I See You, Seeing Me, See You, Seeing Me, See You: Surveillance, Pornography, Porn Studies
Journal: Porn Studies
Guest Editor: Evangelos Tziallas, Concordia University
Narrative film’s increasingly frequent emulation of CCTV and surveillance footage has engendered a dialogue about the intersections between cinema and surveillance, and their historical and theoretical antecedents. Most of the dialogue revolves around formal changes and the ontological and political ramifications of film’s and technologically mediated surveillance’s overlaps. Despite this growing exchange, work on how explicit sexual representation and pornography have been impacted by the rise of the surveillance society, and the overlaps between various personal and expressive apparatuses and surveillance technologies, if not the absorption of the former by the latter, are few and far between.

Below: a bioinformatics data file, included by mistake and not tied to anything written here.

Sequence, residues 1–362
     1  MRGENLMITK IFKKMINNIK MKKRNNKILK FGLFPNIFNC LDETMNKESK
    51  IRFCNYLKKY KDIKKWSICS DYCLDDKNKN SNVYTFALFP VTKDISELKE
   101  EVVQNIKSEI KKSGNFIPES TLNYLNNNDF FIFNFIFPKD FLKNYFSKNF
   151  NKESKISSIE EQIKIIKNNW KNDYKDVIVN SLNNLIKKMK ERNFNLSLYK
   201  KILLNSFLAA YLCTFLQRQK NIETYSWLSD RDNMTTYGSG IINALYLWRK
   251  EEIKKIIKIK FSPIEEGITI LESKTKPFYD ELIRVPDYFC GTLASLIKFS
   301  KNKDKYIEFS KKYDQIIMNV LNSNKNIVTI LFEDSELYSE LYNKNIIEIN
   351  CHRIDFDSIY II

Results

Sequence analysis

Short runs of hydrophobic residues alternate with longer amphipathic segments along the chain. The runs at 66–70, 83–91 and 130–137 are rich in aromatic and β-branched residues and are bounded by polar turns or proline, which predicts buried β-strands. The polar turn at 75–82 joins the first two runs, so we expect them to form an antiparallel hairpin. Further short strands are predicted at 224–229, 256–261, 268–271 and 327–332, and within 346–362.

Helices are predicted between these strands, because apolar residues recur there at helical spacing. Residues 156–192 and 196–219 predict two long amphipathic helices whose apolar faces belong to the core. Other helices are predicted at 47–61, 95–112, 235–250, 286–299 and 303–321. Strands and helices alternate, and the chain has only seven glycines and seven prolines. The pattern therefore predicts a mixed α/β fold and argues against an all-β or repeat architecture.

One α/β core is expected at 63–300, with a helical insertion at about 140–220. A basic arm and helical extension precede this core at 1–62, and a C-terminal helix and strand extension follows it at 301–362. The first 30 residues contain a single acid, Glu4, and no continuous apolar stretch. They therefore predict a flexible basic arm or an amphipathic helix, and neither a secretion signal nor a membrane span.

In Hard Core: Power, Pleasure, and the “Frenzy of the Visible,” (/1999) Linda Williams’ Foucauldian inspired analysis explored narrative heterosexual pornography as one of the latest sources of “knowledge-pleasure.” Accounts of pornography as forms of audio-visual knowledgepower have proliferated since Williams’ work, but recent technological, social, and cultural political changes require we think about the impact technologically mediated surveillance has had on pornographic representation, consumption, and production. Knowledge-power is “surveillance,” but the proliferation and ubiquity of various digital, computer, and recording technologies focus and transform the meaning and deployment of knowledge-power and knowledge-pleasure.